Contaminated air can generate a weaker sperm

NEW YORK (Reuters Health) – Men with pregnancy problems may have the air they breathe, according to a new study by Chinese researchers.

According to the researchers, microscopic particles in the air called microspheres (PM2.5) can affect the quality of sperm, which can hinder the fertilization of a woman’s egg.

PM2.5 refers to particles with a diameter of 2.5 μm or less. This is about 3 percent of the diameter of a human hair.

Trialix “Air pollution is associated with a significant reduction in the size and size of normal sperm, which could lead to a large number of infertile couples,” said lead researcher Xiang Qian Lau. He is an assistant professor at the School of Public Health and Primary Care of the Chinese University of Hong Kong.

However, Lao cautioned that this study can not prove that PM2.5 causes damage to sperm, but the two are related.

“It can not be concluded that it is a causal relationship in this study, but the existing evidence of toxicology and other studies supports the possible causal relationship,” he said.

Testo Drive 365 Lau said that the exact way in which air pollution can affect sperm is unclear. Many of the components of fine particles, such as heavy metals and polycyclic aromatic hydrocarbons, have been linked to sperm damage in experimental studies.

Lao said the impact of air pollution on sperm is small, but due to the spread of pollution around the world, many men may be affected.

Because reducing air pollution can improve sperm quality, “we advocate for global strategies to reduce air pollution and improve reproductive health,” Lau said.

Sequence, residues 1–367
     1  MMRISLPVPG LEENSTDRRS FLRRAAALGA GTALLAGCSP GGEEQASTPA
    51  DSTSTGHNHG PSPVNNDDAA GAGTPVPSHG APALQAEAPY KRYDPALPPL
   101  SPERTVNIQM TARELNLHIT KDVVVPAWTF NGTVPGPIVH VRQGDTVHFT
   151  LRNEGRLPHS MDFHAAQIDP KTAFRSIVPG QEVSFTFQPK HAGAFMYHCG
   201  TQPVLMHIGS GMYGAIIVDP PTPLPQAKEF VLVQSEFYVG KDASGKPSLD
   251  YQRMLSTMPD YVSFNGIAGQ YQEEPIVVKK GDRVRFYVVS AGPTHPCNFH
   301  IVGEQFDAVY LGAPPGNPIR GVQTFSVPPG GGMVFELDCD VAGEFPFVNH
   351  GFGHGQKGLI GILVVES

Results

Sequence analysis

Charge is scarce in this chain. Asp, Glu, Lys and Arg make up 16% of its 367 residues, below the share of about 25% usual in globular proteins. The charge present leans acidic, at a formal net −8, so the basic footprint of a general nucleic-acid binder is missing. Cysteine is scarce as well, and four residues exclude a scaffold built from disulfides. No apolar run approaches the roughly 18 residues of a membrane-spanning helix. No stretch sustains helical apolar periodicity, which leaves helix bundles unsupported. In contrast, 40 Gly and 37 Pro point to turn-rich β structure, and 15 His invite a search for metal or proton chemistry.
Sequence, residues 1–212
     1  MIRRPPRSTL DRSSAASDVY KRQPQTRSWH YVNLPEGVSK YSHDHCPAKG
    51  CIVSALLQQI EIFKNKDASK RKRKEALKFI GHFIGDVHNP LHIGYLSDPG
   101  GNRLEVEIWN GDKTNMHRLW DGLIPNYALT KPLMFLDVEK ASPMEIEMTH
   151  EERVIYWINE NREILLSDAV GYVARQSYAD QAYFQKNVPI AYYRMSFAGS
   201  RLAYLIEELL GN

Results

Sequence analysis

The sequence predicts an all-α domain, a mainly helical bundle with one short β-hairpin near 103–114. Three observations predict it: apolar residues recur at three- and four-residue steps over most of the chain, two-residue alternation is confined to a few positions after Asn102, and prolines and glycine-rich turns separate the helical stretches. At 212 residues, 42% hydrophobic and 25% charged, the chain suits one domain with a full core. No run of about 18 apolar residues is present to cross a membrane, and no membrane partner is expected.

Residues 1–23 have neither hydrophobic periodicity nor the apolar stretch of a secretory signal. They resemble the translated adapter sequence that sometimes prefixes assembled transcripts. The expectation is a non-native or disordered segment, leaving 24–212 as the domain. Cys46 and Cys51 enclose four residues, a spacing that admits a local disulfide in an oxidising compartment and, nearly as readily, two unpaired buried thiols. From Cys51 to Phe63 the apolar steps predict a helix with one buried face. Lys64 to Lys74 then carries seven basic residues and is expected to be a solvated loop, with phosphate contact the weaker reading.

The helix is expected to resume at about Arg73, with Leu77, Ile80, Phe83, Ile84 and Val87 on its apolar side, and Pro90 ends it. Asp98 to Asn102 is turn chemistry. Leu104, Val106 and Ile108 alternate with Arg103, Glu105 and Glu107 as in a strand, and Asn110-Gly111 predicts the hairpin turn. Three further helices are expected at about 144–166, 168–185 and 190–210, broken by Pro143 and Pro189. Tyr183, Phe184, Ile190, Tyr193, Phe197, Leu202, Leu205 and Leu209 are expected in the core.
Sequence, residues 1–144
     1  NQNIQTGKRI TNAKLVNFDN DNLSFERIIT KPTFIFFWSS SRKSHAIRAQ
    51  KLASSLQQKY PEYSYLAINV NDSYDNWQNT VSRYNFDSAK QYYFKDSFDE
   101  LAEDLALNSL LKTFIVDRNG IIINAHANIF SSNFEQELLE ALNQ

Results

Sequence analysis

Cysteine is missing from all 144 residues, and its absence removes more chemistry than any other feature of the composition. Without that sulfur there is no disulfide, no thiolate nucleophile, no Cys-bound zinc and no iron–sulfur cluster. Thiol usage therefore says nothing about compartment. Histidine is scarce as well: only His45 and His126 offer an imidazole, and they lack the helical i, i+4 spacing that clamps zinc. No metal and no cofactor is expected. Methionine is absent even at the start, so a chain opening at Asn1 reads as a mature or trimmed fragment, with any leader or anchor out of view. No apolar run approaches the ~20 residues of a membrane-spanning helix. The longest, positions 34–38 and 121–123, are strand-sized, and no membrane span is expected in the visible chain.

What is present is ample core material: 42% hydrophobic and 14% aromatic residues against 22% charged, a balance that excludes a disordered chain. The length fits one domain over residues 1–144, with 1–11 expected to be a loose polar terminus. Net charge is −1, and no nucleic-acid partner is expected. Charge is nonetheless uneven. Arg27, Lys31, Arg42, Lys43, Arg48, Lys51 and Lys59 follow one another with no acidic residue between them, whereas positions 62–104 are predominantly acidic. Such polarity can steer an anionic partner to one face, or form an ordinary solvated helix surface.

The abnormal sperm leads to infertility because it can not penetrate the ovum, said Dr. Tomer Singer, director of endocrinology and reproductive infertility at Lenox Hill Hospital in New York City.

“We have seen a trend in recent decades as the concentration of sperm, motor and sperm deteriorates,” Singer said. “It was difficult to determine what was the culprit.” Canada

“This study provides strong evidence to support a link between exposure to air pollution and abnormal sperm,” said Dr. Manish Fira, vice president of Urology at the Arthur Smith Institute of Urology in New Haven Park, Newark.

However, reports from the United States did not find similar results, suggesting that the negative impact can only be seen in areas of very poor air quality, he said.

Ferra described air pollution as a global health emergency and said that this new study suggests that low fertility can be a consequence for health.

“The next step is to link air pollution levels with pregnancy rates to determine if changes in semen translate into low fertility,” said Vera.

For the study, Lau and his colleagues collected data on nearly 6,500 Taiwanese men between the ages of 15 and 49. All men participated in the medical examination program between 2001 and 2014. The program included the evaluation of sperm quality, including the total number, shape, size and movement.

Exposure to PM2.5 levels of headlines per man was estimated over three months over two years. Sperm takes three months to occur, Lao said.

The researchers found a relationship between exposure to PM2.5 and abnormal sperm. Specifically, every 5 micrograms of PM2.5 per cubic meter of air for two years was associated with a decrease of about 1.3% in the shape and size of normal sperm.

It was also associated with a 26% increase in the risk of being in the bottom 10% of the size and shape of the sperm, after considering other potential effects on sperm quality, such as smoking, drinking, age and weight.

However, exposure to PM2.5 was associated with a significant increase in the number of sperm. According to the researchers, this could be a way for the body to overcome the worst quality of sperm in general.

The study found that similar results were seen three months after exposure to PM2.5.

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